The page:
Steve Fisher of New York magazine was working on a story called “Chasing A-Rod” when he apparently uncovered several email exchanges between the New York Yankees’ Alex Rodriguez and team president Randy Levine. The emails are reported to be legitimate, although after reading them it’s hard not to wonder if they really are. Two days after Christmas, the world got to see what those emails said.
The exchanges span over a time period from May, 2011 to Aug., 2013. The tone of each ranges from polite and friendly to cold and bitter. Below are just a few isolated examples that display the variance in correspondence.
Levine in May, 2012 – “My friend, I have always believed that in difficult times there r two ways to go. The easy way, which is to make excuses, be defensive, or blame others and shut it down. The better way is to take the challenge, get mad, get determined, and shut everyone up and perform to greater levels. I believe in u. I believe u will hit those levels. It has been a tough year in injuries, tough losses, underperformance, but we need a leader, that is you. Take the lead, get these guys going, put a chip on your shoulder. When u succeed it will be Yankees lore. There is nothing more powerful than that. I am here to support u. Tell us what u need.”
Rodriguez in Aug., 2013 – “Can u please stop!! I want to play baseball and I could make a big difference to the game. Steinbrenner would roll in his grave IF he knew what was happening! Stop, Randy, this isn’t going to be good for any of us!! You are a businessman and what you are doing is ruining the business of baseball. If u want to meet in person to discuss it, let’s do it!”
My personal favorite from Levine in Aug, 2012 – “Hey, what’s up with Robby. This guy must not be using the liquid.”
Several things struck me about all of the emails. First, I am a little shocked by their texting-esque quality. There is a lot of “r” instead of “are” and “u” instead of “you.” I don’t know why, but I suppose I just expected more from the president of the most storied franchise in the history of sports. A-Rod’s overuse of exclamation points was a bit troubling as well.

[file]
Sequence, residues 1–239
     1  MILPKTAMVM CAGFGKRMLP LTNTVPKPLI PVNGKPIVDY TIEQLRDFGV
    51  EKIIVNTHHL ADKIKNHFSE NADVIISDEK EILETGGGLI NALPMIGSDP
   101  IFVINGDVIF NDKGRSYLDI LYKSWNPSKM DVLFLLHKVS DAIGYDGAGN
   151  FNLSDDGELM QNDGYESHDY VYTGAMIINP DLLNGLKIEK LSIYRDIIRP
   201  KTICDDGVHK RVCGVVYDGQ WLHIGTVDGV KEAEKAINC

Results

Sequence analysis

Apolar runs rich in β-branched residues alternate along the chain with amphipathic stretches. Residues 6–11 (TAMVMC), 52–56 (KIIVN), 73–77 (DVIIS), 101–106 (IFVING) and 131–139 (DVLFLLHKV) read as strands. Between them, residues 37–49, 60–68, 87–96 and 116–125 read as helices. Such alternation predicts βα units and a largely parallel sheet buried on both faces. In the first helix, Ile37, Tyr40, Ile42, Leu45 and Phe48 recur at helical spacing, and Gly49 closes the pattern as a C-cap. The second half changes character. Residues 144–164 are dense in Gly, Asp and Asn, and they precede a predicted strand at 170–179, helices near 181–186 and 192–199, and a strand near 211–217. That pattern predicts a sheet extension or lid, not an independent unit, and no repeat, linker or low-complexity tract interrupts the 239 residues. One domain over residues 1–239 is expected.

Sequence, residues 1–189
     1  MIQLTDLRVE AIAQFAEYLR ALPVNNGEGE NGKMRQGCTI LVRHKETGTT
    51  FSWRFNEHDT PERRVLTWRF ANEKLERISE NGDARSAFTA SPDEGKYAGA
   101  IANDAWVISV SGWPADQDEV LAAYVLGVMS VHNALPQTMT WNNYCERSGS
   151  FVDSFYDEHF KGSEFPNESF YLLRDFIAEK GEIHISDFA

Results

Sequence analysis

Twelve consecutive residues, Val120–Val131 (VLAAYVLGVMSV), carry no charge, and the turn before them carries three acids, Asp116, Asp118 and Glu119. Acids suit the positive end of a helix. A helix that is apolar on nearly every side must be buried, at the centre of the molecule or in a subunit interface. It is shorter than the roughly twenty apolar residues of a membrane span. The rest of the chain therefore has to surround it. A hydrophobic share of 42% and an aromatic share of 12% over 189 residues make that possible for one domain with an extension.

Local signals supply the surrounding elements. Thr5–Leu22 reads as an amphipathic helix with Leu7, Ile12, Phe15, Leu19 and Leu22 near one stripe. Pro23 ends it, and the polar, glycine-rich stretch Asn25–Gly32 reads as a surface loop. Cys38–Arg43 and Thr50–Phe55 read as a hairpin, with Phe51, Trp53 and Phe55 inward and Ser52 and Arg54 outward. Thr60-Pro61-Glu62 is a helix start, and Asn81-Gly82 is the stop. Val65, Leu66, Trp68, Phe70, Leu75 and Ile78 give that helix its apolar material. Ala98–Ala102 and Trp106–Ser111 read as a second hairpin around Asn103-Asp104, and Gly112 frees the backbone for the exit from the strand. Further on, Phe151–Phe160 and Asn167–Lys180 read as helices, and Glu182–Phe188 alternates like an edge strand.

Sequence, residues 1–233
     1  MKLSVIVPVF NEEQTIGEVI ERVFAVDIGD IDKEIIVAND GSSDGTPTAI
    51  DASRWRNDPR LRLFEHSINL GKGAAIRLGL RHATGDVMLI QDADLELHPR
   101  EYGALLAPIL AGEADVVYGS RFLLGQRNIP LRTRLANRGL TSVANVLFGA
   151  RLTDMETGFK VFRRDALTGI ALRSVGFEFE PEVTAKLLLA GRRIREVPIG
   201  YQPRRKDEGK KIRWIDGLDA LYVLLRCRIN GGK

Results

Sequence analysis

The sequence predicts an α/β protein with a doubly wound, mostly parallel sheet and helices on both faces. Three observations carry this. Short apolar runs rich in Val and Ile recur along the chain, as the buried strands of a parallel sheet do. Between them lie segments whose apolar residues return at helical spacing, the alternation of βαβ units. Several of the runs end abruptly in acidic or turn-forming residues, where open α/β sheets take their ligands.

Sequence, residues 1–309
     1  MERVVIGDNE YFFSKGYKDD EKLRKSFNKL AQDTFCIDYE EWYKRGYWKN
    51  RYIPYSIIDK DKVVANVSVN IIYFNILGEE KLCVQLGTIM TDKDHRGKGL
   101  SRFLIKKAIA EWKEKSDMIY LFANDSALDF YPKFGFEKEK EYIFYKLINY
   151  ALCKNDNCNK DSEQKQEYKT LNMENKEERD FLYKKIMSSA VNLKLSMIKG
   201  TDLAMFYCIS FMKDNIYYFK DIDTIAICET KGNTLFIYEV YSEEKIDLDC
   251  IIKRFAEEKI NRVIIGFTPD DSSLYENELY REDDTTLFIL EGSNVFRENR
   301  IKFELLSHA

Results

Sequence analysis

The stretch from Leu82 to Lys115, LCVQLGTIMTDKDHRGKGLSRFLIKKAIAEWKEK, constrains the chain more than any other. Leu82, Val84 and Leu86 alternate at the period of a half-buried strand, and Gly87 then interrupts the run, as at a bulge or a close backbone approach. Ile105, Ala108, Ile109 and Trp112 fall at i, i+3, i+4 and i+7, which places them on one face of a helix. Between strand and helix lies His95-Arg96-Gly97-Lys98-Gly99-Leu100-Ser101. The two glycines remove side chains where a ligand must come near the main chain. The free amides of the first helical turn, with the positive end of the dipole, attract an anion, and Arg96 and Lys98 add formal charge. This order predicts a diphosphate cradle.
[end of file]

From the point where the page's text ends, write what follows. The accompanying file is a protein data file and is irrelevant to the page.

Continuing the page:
Second, does Levine really think A-Rod is the leader of the Yankees? Last I checked, they have a captain and A-Rod is not him. A-Rod has, admittedly, done some great things for the Yankees, mostly during his early years. However, I don’t think any Yankee fans have ever considered him a leader of the team. He’s played second-fiddle to Derek Jeter in that department during his entire tenure.
Finally, steroid jokes? Even in what was thought to be a private email conversation, that seems wildly inappropriate. The existence of two steroid jokes in these supposed emails does make me doubt their legitimacy.
Then again, Levine hasn’t exactly painted the perfect picture of appropriateness this past year. There have been several occasions on which Levine talked to the media when he didn’t need to. There was that rumor about Levine telling a team doctor that he never wanted to see A-Rod on a baseball field again. Then there was that time A-Rod accused the Yankees of colluding with MLB to keep him out of the game. In both instances, Levine felt it necessary to respond publicly in what seemed to be defensive and even antagonistic tones. One has to wonder why he didn’t just go with a nice, clean “no comment” instead.
The release of these emails, whether legitimate or not, is just another embarrassing chapter in the A-Rod saga for the Yankees. While all the blame surely doesn’t rest on his shoulders, it would still be a relief if he never put on the pinstripes again.